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Want to live happily ever after? Quit Facebook


Fitter. Happier. More Productive.

For as long as human beings have existed, we’ve searched for secrets and shortcuts that could lead to eternal happiness. Sadly, those secrets won’t be revealed here, but there is one thing you can do to ensure a happier life – quit Facebook.

That’s according to a study by the Happiness Research Institute, which is based in Copenhagen. The Danish capital is often ranked amongst the happiest cities in the world, so before we take to social media to rage about their findings, perhaps we should at least hear them out.

The researchers tested the effects of Facebook on a sample of 1,095 people living in Denmark: half of them carried on using the network as normal, while the other half quit Facebook entirely for a week. (No, we’re not sure how you split 1,095 people in half either, but let’s assume they have their ways.)

After the week was up, 88% of people who’d quit Facebook said they felt happy, compared with 81% who’d continued as before. That doesn’t seem so bad, until you learn that the trend also extended to other moods. For instance, 22% of the quitters felt sad compared to 34% of those that continued using Facebook, and the people who took a break also felt less worried, angry, lonely and depressed.

Facebook envy

There’s likely to be several reasons for this reaction, but the Happiness Research Institute zoned in one idea – envy.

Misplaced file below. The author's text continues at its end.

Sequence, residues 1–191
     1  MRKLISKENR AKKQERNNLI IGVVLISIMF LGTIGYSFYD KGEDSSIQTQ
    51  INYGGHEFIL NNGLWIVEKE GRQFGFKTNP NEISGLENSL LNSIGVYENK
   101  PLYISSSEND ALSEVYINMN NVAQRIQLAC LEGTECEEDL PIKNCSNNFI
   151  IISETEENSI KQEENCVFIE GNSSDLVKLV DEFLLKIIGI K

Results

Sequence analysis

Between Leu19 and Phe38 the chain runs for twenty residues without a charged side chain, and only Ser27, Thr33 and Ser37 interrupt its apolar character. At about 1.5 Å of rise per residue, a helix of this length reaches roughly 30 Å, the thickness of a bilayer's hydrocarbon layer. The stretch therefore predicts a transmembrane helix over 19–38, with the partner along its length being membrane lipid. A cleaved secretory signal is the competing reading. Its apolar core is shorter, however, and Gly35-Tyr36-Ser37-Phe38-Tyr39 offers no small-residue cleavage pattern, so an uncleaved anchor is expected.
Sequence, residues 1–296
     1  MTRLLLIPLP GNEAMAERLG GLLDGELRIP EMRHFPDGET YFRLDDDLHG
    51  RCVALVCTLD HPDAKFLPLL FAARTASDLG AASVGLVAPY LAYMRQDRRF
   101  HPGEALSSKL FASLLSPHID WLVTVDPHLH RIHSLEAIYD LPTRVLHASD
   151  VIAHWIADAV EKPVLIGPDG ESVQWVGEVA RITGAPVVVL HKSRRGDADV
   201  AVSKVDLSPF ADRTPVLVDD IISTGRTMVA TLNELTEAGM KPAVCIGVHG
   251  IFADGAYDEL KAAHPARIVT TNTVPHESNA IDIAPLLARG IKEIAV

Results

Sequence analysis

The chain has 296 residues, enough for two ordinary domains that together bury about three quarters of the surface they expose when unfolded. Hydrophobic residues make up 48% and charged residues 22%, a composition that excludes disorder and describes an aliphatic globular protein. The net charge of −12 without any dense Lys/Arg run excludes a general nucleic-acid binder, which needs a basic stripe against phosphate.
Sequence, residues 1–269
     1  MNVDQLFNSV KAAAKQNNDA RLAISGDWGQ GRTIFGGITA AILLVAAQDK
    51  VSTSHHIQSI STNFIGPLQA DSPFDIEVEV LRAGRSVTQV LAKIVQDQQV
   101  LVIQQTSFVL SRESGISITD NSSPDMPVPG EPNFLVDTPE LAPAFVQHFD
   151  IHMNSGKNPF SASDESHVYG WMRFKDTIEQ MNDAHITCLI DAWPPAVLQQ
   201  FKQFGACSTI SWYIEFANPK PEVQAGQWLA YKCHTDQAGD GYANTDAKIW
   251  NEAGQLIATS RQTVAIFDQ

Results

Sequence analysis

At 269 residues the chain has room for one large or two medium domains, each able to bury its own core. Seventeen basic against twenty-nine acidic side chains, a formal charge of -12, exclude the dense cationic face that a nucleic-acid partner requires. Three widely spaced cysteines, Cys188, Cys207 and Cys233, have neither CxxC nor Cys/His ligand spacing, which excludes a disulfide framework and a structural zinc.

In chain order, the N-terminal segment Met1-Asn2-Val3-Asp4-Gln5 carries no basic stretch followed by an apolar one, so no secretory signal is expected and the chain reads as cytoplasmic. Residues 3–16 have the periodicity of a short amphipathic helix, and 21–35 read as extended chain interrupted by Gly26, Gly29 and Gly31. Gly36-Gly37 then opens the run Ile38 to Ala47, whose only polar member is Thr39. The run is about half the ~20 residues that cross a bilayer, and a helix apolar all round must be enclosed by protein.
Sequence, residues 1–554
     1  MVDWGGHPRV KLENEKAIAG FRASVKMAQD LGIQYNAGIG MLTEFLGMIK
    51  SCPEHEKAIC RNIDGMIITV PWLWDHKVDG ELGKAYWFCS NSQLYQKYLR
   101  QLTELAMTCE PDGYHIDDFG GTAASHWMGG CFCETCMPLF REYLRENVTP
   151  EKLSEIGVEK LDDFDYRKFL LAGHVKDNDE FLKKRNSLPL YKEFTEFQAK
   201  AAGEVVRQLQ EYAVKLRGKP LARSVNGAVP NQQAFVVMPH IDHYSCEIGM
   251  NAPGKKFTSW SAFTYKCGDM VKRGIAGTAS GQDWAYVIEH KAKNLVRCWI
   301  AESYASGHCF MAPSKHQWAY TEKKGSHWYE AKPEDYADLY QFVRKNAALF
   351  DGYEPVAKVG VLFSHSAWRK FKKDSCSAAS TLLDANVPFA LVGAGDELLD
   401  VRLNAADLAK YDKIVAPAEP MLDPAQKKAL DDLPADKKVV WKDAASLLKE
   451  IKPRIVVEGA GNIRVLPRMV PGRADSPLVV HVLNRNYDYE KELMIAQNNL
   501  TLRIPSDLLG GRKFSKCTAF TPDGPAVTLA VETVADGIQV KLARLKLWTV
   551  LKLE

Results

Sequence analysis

The study found that half of Facebook users say they envy the experiences shared by their friends on the site, a third envy how happy others appear to be, and four in 10 envy others’ apparent success. So, they concluded, Facebook teaches us to focus on the things in life that other people have, rather than the things we need.

It’s funny, because if so many of us are having the same feelings of envy when we look at Facebook, then there’s probably nothing to be envious about. The study found that 61% of us tend to post our good sides on the social network, while 69% prefer to posts pictures of just the great things they experience. When you put it like that, it’s no wonder the reality is rarely satisfying.

So, who knows – maybe quitting Facebook won’t make any difference, perhaps we just need a little perspective. Taking a week’s break probably wouldn’t hurt, though.

Image: Bloomua /

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